Indiana University of Pennsylvania will celebrate Constitution Day on September 13 with two events free and open to the community.

Constitution Day commemorates the September 17, 1787, signing of the US Constitution, which is 232 years old this year.

Sponsored by the College of Humanities and Social Sciences and the Department of Political Science, events at IUP will begin with the traditional a public reading of the Constitution by members of the IUP community on Sept. 13 from 11:30 a.m. to 12:30 p.m. in front of Stapleton Library, facing the Oak Grove. IUP President Michael Driscoll will begin the event with a reading of the Constitution’s Preamble.

This is the thirteenth year that IUP has hosted a public reading of the Constitution. As at past public readings, the first 100 participants will receive a special “We the People at IUP” t-shirt, as well as a pocket-sized copy of the Constitution and a star-shaped cookie.  

In the case of inclement weather, the public reading will take place in the lobby of the Humanities and Social Sciences building.

Later in the day, the intentions of the authors of the US Constitution will be explored in the Six O’Clock Series presentation: “Is it Time for a New US Constitution?” from 6:00 to 7:30 p.m. in the Hadley Union Building Ohio Room.

When the Constitution was written in 1787, Thomas Jefferson said that he didn’t expect it to last more than 20 years. At 232 years old, the US Constitution is the oldest continuous constitution in the world. 

The events of the last couple of years, which have tested our constitutional system, make many people wonder whether the Constitution can continue to effectively serve the needs of our society.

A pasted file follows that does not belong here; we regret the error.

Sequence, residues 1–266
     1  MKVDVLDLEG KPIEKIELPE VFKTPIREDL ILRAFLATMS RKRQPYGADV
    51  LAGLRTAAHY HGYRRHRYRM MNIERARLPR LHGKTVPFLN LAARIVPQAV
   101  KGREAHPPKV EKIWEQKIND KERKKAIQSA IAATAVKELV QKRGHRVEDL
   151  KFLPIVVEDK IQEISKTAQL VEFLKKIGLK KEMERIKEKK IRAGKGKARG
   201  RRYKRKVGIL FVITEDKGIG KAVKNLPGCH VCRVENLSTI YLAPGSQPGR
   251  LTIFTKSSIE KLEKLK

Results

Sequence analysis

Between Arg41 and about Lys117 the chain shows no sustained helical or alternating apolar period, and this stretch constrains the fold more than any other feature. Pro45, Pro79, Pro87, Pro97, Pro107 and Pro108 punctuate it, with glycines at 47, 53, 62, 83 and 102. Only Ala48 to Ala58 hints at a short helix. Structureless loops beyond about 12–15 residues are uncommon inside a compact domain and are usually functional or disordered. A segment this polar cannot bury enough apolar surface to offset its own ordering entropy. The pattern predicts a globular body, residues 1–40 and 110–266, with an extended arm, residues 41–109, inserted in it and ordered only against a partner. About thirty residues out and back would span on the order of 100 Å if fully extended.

Four of the Constitution’s authors—Ben Franklin, Alexander Hamilton, Charles Pinckney, and James Madison—will discuss the work they did at the Constitutional Convention.

This Sept. 13 program will allow participants a chance to ask these authors of the 1787 Constitution what they think. What did they hope to accomplish with the Constitution? Do they think that it’s time to draft a new governing document?

“Our Constitution is the oldest written constitution in the world, and that’s something of which to be proud,” Gwen Torges, political science faculty member and coordinator of IUP’s Constitution Day activities, said. “But that doesn’t mean that we shouldn’t consider whether or not it still meets our needs. 

“But before we recommend changes, it’s important to be familiar with our current Constitution.  That’s why events such as Constitution Day are important because we as citizens need to be familiar with the framework of our government so that we can hold our leaders accountable. Living under the rule of law requires that we know what the law is.”